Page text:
Difference between clinical psychologist and high intensity cbt therapist?

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sophieex
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Difference between clinical psychologist and high intensity cbt therapist?

Post by sophieex »

Hiya,

I have read the document identifying the different competencies: https://www.hee.nhs.uk/sites/default/fi ... ogists.pdf ,read job descriptions, asked on Facebook groups, but I am still not completely sure of the actual differences in the role. What I have got from it is that clinical psychologists are not just therapists; that is just one part of their role, and they are also massively involved in research, and then they’re involved in service development. They tend to go on to managerial positions? Whereas high intensity cbt therapists tend to do therapy and that is the scope of their role? I am not sure if my understanding is correct but I can’t find much information on the fundamental differences in day to day scope of the roles. Would someone be able to explain the fundamental differences please?

Thank you.
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miriam
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Re: Difference between clinical psychologist and high intensity cbt therapist?

Post by miriam »

The difference is clear in the name. CBT therapists do CBT. Clinical Psychologists learn a multitude of models and how to select and combine them. CBT therapists are therapists. Clinical psychologist have a whole range of ways of working that are nothing to do with direct one-to-one therapy in their repertoire (for example, I do no therapy, and I wrote a blog about this). So yes, we do research and service development, management and systems work, and there is a career structure that is more likely to reach higher bandings at the top. But there are much more fundamental differences.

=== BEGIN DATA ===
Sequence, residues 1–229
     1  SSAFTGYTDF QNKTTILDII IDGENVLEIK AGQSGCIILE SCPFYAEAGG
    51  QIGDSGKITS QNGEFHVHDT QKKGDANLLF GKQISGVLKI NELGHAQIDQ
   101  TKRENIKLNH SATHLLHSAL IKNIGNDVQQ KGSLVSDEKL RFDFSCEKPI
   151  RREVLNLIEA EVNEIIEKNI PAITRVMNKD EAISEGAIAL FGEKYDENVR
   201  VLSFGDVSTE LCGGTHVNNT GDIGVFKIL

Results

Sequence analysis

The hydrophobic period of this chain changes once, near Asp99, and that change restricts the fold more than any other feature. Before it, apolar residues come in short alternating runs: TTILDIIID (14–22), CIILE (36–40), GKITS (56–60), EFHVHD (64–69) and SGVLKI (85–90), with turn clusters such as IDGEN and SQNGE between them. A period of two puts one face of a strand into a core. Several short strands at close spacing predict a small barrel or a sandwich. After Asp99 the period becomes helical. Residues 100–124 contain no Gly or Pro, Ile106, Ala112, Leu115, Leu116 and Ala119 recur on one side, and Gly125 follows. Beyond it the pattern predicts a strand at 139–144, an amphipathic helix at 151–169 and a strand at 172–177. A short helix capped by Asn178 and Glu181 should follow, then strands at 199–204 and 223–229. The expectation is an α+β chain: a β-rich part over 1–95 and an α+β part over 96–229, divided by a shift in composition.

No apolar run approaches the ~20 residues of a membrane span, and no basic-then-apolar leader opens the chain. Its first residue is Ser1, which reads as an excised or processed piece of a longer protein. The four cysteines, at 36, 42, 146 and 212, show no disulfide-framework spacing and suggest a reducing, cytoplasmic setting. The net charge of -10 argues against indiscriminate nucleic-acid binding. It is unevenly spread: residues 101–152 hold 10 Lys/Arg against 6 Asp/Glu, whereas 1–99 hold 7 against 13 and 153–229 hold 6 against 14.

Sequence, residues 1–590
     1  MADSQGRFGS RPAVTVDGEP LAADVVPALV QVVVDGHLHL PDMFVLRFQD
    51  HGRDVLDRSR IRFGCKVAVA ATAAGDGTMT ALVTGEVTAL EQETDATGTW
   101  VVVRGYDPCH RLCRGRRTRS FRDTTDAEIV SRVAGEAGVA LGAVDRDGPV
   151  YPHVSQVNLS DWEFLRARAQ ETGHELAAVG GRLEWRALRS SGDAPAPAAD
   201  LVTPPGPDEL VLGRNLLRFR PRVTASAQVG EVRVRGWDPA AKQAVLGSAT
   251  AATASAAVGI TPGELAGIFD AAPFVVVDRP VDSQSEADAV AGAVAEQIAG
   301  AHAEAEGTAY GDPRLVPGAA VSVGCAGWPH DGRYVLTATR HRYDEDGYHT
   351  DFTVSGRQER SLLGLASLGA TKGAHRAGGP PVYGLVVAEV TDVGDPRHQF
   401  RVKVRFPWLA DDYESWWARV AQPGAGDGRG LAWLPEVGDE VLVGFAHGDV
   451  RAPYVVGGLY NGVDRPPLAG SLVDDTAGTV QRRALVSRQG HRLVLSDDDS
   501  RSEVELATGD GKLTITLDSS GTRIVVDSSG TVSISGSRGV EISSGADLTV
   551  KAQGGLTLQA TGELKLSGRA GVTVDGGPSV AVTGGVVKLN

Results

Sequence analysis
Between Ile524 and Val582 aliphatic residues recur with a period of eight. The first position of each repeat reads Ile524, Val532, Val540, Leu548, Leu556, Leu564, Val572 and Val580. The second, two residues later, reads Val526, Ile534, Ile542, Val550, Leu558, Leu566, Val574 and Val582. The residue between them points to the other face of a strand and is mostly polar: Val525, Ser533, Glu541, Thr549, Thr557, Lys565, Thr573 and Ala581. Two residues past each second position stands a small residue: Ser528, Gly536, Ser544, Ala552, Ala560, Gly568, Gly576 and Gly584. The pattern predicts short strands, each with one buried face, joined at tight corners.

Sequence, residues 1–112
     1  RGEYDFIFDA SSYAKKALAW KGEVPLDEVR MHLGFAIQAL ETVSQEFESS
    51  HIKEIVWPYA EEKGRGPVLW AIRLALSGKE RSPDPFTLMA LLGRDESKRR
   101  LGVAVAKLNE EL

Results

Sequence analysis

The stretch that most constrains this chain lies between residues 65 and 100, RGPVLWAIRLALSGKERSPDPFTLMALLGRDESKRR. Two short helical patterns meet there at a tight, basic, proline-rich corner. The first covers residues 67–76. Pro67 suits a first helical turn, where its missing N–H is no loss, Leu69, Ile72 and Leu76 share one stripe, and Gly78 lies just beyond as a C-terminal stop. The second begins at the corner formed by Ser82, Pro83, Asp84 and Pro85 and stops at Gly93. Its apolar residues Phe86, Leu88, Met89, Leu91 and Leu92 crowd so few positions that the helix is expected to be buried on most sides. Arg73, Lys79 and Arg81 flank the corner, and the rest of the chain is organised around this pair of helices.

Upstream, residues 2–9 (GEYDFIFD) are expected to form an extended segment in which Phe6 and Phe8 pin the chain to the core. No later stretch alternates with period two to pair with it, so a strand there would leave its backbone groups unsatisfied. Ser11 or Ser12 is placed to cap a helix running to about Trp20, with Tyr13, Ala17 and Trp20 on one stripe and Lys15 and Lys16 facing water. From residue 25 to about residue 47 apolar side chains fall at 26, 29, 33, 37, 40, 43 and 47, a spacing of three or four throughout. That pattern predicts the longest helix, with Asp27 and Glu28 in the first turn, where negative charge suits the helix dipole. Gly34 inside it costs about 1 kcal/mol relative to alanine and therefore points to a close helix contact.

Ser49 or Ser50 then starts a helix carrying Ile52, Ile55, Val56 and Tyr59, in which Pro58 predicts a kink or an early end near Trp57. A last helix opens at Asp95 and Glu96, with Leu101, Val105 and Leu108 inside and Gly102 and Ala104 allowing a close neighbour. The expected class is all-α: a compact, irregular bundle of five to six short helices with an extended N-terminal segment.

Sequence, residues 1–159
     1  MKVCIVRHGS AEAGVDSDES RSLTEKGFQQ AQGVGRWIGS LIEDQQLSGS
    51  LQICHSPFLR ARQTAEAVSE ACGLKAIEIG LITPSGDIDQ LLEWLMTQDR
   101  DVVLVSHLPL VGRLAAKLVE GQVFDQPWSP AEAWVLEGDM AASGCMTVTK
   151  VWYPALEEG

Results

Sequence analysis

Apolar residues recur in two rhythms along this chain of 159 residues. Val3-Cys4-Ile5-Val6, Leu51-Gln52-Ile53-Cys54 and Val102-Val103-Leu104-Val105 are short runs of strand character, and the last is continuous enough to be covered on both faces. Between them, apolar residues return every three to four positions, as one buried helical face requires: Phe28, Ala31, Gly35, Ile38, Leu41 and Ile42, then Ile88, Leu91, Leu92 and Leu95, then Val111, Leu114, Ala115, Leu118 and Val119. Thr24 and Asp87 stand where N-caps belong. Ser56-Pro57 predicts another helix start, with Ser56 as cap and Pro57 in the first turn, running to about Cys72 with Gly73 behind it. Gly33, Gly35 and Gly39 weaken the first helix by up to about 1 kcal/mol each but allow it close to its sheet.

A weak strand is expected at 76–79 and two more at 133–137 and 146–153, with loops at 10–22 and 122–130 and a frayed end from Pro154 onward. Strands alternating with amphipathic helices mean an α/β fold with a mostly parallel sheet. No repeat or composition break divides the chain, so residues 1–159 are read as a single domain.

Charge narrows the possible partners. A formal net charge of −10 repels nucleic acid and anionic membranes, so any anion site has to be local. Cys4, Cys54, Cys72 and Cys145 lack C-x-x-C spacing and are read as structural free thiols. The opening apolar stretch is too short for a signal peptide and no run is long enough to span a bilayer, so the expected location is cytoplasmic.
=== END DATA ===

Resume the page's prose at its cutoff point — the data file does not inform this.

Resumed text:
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Spatch
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Re: Difference between clinical psychologist and high intensity cbt therapist?

Post by Spatch »

Probably the best answer to this is for you to read "What is Clinical Psychology?" by Llewllyn and Murphy. It outlines the discipline's fundamental orientation, but also gives many examples of clinical psychologists in non-therapy roles. NHS service oriented documents aren't usually the best representation of any discipline as they tend to focus on specific duties in a specific area rather than the broader scope of the discipline.

The areas of difference you have raised are fairly surface level (e.g. there are social workers and nurses also involved in research and senior management, so not a unique differentiator of CP) and go far deeper. You are also asking about the difference between a discipline (clinical psychology) and a specfic NHS job role (HI CBT Therapist in IAPT), which is a bit like asking what is the difference between 'a vehicle' and 'a 2018 Ford Focus RS' -they are kind of the same thing, right?

Bear in mind, clinical psychologists do work as Hi Intensity IAPT CBT therapy roles, and for that tiny group they are often going to be doing pretty much the same duties as non-CP CBT therapists. What you are missing is the training requirements, competencies and all of the other roles and areas that CPs work in too, which is the vast majority of us.
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